In all the dissertations on language, men forget the language that is, that is really universal, the inexpressible meaning that is in all things and everywhere, with which the morning and evening teem. As if language were especially of the tongue of course. With a more copious learning or understanding of what is published, the present languages, and all that they express, will be forgotten.
Most men have forgotten that it was ever morning; but a few serene memories, healthy and wakeful natures, there are who assure us that the sun rose clear, heralded by the singing of birds, - this very day’s sun, which rose before Memnon was ready to greet it.
All nature is classic and akin to art. The sumach and pine and hickory which surround my house remind me of the most graceful sculpture. Sometimes their tops, or a single limb or leaf, seems to have grown to a distinct expression as if it were a symbol for me to interpret. Poetry, painting, and sculpture claim at once and associate with themselves those perfect specimens of the art of nature, - leaves, vines, acorns, pine cones, etc. The critic must at last stand as mute though contented before a true poem as before an acorn or a vine leaf. The perfect work of art is received again into the bosom of nature whence its material proceeded, and that criticism which can only detect its unnaturalness has no longer any office to fulfill. The choicest maxims that have come down to us are more beautiful or integrally wise than they are wise to our understandings. This wisdom which we are inclined to pluck from their stalk is the point only of a single association. Every natural form - palm leaves and acorns, oak leaves and sumach and dodder - are untranslatable aphorisms.
(Undated entry, August 1845)
A man must find his own occasion in himself. The natural day is very calm, and will hardly reprove our indolence. If there is no elevation in our spirits, the pond will not seem elevated like a mountain tarn, but a low pool, a silent muddy water, a place for fishermen.
(Undated entry, August, 1845)
While there remains a fragment on which a man can stand - and dare not tell his name” - referring to the case of Frederick _________, to our disgrace we know not what to call him, unless Scotland will lend us one of her hero Douglasses out of history or fiction for a season - till we be trustworthy and hospitable enough to hear his proper name. A fugitive slave, in one more sense than we - who has proved himself the possessor of a White intellect, and has won a colorless reputation among us - who we trust will prove himself as superior to temptation from the sympathies of freedom, as he has done to the degradation of slavery. When he communicated his purpose said Mr. Philips the other day to a New Bedford audience of writing his life and telling his name and the name of his master and the place he ran from - This murmur ran round the room, and was timidly whispered by the sons of the Pilgrims “he had better not” - and it was echoed under the shadow of Concord monument - “he had better not.” But he is going to England where this revelation will be safe.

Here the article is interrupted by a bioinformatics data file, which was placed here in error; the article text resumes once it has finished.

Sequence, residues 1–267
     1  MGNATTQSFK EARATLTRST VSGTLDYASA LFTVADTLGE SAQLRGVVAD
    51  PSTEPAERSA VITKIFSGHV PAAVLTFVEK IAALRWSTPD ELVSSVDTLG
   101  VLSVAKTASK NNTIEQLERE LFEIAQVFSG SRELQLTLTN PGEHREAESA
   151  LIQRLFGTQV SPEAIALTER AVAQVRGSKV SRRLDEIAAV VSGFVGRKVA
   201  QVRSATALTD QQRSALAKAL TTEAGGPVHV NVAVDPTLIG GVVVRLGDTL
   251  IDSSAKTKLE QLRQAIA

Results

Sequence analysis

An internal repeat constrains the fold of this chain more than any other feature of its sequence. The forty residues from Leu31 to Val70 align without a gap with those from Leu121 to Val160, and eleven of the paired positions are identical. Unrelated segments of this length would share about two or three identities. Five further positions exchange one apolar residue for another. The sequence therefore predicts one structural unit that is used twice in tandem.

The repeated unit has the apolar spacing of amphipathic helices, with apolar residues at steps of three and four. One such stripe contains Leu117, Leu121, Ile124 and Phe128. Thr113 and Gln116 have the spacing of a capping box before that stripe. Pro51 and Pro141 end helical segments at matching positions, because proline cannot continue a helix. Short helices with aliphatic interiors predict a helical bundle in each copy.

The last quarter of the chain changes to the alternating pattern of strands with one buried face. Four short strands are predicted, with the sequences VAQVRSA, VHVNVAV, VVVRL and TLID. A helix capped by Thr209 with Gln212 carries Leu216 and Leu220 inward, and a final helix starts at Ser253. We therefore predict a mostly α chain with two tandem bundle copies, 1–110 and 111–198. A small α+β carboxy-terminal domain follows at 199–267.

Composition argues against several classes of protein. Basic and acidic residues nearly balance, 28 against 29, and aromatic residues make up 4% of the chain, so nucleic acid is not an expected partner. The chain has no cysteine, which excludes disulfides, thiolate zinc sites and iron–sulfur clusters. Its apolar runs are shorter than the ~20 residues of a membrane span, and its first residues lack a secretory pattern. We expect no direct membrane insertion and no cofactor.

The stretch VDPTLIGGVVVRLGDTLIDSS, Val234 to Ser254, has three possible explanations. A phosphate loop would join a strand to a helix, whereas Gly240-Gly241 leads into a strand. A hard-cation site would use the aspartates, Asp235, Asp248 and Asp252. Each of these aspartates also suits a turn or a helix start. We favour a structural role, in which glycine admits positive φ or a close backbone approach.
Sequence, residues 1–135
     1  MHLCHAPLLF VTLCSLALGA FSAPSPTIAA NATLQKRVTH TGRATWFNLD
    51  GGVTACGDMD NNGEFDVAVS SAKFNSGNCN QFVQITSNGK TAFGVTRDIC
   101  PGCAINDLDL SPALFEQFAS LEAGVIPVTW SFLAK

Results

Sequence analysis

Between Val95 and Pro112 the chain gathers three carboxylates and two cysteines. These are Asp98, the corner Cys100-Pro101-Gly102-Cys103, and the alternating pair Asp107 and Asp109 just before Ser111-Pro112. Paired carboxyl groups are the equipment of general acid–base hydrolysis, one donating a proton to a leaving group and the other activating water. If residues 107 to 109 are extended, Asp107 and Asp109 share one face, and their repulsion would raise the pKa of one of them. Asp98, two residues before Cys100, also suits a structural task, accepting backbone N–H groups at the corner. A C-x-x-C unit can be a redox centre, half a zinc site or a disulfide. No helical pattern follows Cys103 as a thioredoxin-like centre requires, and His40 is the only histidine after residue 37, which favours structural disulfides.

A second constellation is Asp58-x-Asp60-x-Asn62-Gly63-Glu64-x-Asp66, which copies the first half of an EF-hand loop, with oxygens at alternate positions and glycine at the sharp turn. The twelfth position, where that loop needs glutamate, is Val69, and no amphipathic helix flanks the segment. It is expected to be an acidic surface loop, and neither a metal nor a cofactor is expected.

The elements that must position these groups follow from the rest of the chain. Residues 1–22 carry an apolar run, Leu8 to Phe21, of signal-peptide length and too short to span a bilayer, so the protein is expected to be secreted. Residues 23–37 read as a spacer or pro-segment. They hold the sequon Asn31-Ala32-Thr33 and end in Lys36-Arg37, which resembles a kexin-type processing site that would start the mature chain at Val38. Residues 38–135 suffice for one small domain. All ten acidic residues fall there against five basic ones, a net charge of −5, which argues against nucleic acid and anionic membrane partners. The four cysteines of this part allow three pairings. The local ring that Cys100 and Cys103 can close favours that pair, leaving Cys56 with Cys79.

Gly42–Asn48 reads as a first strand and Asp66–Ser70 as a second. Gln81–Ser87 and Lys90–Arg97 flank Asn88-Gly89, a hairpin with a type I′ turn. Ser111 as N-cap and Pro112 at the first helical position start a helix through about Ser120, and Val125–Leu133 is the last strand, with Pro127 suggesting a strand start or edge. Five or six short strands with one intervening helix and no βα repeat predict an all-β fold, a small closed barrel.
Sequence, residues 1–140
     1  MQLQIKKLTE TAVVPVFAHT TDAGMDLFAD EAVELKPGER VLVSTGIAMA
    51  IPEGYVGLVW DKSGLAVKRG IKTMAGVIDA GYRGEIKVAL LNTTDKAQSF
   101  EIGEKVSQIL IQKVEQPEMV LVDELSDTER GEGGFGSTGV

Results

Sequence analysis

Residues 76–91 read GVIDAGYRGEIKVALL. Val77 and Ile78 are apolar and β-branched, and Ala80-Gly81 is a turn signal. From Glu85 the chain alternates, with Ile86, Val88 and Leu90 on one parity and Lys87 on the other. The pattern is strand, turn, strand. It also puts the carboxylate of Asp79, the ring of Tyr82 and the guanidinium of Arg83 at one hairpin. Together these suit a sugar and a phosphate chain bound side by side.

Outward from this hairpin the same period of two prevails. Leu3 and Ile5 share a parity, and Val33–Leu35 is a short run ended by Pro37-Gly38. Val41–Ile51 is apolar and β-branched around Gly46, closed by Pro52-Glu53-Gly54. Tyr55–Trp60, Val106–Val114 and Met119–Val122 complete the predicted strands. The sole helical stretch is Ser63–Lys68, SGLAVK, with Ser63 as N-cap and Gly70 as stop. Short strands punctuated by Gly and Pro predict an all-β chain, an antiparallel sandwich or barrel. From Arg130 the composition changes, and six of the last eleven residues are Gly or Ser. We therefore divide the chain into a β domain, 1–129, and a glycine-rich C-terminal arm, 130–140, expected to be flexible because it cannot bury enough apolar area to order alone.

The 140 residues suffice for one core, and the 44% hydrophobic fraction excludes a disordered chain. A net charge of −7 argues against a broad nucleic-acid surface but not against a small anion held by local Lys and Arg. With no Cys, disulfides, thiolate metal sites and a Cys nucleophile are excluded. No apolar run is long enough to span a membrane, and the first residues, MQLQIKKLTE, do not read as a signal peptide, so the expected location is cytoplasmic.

The sounds heard at this hour, 8:30, are the distant rumbling of wagons over bridges, - a sound farthest heard of any human at night, - the baying of dogs, the lowing of cattle in distant yards.
What if we were to obey these fine dictates, these divine suggestions, which are addressed to the mind and not to the body, which are certainly true, - not to eat meat, not to buy, or sell, or barter, etc., etc., etc.?
I will not plant beans another summer, but sincerity, truth, simplicity, faith, trust, innocence, and see if they will not grow in this soil with such manure as I have, and sustain me. When a man meets a man, it should not be some uncertain appearance and falseood, but the personification of great qualities. Here comes truth, perchance, personified, along the road. Let me see how Truth behaves. I have not seen enough of her. He shall utter no foreign word, no doubtful sentence, and I shall not make haste to part with him.
I would not forget that I deal with infinite and divine qualities in my fellow. All men, indeed, are divine in their core of light, but that is indistinct and distant to me, like the stars of the least magnitude, or the galaxy itself, but my kindred planets show their round disks and even their attendant moons to my eye.
Even the tired laborers I meet on the road, I really meet as travelling gods, but it is as yet, and must be for a long season, without speech.
My auxiliaries are the dews and rains, - to water this dry soil, - and genial fatness in the soil itself, which for the most art is lean and effete. My enemies are worms, cool days, and most of all woodchucks. They have nibbled for me an eighth of an acre clean. I plant in faith, and they reap. This is the tax I pay for ousting johnswort and the rest. But soon the surviving beans will be too tough for woodchucks, and then they will go forward to meet new foes.